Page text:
Children with Lesch-Nyhan syndrome also present psychomotor retardation, which is usually evident between 3 and 6 months of age.This is usually evident between 3 and 6 months of age: sitting is delayed, they cannot hold up their head, they have hypotonia and athetoid-like movements. This disorder also causes children to be unable to stand and walk, and to perform involuntary movements triggered by voluntary acts (choreoathetosis and ballism).
Patients also frequently suffer from dysarthria (difficulty articulating sounds), dysphagia (impaired swallowing of food) and muscular problems such as opisthotonos. Spasticity, hyperreflexia or Babinski's sign (dorsal extension of the big toe, accompanied by the fan-shaped opening of the other toes) usually appear late.
A possible Lesch-Nyhan syndrome is usually suspected when the child presents with psychomotor retardation, with elevated uric acid levels in blood and urine. As HPRT enzyme activity is undetectable in peripheral blood or healthy cells (erythrocytes or fibroblasts), the diagnosis is usually made by molecular genetic testing..
Prenatal diagnosis is possible if the genetic mutation has also been identified in the family, since inheritance is recessive and X-linked. In this sense, genetic counseling is important.
Moreover, when making the differential diagnosis of this disease, the following disorders should be taken into account: cerebral palsy, dystonia, other causes of intellectual deficit, autism, Tourette syndrome, Cornelia de Lange syndrome, idiopathic intellectual deficit and severe psychiatric disorders.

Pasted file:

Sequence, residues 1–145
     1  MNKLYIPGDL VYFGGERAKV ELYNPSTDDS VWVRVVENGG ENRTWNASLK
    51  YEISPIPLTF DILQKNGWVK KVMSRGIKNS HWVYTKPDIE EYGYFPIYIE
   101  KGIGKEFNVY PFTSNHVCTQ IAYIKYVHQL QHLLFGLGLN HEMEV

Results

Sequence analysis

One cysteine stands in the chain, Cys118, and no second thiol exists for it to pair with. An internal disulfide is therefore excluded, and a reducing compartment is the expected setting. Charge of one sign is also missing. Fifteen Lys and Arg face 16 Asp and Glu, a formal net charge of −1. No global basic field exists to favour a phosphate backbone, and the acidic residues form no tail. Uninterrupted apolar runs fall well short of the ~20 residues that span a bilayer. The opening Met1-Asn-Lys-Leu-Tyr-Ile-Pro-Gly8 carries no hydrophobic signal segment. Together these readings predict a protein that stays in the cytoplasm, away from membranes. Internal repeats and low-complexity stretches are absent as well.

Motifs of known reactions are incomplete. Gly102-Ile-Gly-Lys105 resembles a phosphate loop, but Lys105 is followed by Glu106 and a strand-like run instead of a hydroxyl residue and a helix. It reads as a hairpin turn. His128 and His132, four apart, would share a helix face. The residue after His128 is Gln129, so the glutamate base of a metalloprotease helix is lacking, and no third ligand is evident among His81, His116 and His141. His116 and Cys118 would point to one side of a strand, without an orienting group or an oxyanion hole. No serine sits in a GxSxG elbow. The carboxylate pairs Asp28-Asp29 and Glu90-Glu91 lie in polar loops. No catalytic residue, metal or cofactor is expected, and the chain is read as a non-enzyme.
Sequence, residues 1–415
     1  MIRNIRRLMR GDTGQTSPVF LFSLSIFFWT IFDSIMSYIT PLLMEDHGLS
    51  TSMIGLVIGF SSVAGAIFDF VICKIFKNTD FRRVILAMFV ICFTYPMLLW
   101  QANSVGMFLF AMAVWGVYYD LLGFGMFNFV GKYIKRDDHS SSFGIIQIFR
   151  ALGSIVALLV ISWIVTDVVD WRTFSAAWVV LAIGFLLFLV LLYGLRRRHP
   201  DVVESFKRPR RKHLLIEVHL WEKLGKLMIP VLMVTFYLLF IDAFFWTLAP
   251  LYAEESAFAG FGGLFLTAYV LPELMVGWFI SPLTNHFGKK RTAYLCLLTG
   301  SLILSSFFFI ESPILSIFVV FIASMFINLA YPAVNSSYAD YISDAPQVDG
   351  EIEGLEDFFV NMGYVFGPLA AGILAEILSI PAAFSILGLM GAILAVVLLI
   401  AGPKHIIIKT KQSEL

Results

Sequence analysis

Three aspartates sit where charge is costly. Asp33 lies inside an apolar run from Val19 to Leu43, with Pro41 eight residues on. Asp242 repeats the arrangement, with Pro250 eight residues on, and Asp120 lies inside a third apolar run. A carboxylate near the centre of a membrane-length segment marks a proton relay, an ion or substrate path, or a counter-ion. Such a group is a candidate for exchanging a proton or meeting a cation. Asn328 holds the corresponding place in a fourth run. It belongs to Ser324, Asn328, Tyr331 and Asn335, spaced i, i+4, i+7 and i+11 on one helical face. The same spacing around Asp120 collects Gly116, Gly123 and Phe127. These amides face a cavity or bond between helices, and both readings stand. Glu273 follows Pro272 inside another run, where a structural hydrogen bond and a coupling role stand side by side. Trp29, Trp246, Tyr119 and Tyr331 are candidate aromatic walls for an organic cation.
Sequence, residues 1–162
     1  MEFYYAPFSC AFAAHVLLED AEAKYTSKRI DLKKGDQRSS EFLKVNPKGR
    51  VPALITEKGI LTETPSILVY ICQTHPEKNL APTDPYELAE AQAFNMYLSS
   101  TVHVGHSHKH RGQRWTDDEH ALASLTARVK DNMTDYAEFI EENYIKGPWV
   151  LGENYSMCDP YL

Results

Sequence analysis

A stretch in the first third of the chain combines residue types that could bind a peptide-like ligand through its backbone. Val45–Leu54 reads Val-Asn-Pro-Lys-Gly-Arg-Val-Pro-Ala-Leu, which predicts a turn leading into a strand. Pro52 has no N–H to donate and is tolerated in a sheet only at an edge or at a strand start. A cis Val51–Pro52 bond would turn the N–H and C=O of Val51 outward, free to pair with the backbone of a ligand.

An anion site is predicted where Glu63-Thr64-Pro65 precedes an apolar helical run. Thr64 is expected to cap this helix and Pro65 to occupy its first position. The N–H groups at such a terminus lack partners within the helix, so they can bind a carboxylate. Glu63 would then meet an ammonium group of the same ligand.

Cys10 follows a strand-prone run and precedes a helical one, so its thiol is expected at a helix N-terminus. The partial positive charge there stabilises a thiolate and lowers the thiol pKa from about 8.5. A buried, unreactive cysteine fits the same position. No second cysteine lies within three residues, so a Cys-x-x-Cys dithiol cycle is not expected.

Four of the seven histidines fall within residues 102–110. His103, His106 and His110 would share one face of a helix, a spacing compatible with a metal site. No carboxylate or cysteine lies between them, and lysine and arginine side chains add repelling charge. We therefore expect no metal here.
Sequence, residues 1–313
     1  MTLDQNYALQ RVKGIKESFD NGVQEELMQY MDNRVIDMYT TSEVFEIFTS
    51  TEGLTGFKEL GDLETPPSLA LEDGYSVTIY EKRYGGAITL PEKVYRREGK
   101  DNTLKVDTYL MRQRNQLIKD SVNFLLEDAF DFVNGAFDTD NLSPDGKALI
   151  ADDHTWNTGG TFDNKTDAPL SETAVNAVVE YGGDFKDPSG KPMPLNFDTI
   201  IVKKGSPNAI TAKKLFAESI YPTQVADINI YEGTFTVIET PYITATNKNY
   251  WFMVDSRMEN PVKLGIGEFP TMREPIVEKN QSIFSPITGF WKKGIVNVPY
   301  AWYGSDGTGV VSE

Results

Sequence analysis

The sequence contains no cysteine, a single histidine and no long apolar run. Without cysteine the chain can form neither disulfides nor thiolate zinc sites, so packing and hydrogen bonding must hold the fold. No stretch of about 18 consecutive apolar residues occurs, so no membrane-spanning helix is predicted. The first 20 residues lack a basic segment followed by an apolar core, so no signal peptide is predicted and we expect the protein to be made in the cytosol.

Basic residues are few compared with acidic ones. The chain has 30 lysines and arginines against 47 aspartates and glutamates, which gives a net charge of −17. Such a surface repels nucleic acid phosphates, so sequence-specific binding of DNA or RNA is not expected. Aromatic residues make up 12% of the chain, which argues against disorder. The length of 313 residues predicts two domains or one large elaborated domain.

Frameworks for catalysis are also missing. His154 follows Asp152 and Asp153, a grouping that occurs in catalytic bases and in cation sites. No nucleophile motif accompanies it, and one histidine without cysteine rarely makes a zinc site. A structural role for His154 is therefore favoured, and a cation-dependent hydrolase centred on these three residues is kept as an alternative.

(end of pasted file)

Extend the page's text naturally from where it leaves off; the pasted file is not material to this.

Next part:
The neurological disorders and behavioral problems caused by Lesch-Nyhan syndrome generate, in the child and his family, important problems at the motor level, since the child will not be able to stand, crawl or move around, nor will he/she be able to grasp or hold weighted objects.The child will not be able to hold or grasp heavy objects, with the consequences that this entails. This can be treated with an expert in psychomotor skills and physiotherapy.
As the syndrome can lead to intellectual disability, this can make it difficult for the child to may make it difficult for the child to focus his or her attention correctly, leading to serious learning problems, as the child's ability to pay attention is compromised.The child's capacity for analysis and comprehension may be compromised. In this sense, it is necessary that an occupational therapist intervenes and a logopedic and educational approach is made.
Medical follow-up is also important. Normally, pharmacological treatment is usually done with allopurinol, a drug used to treat hyperuricemia and its complications.
It is also essential to emphasize emotional and social needs, which must be properly addressed. Children affected by Lesch-Nyhan syndrome need constant supervision and guidance to make their daily lives more manageable. It is also important that family members are cared for and accompanied, as the impact on their daily functioning will be considerable.
Finally, as far as schooling is concerned, it is often difficult to include these children in school, it is often difficult to include these children in a regular school.. The children concerned have special educational needs that cannot be addressed within the framework of the diversity measures in regular schools, so it is common to propose that the child be placed in a special education center or a similar center.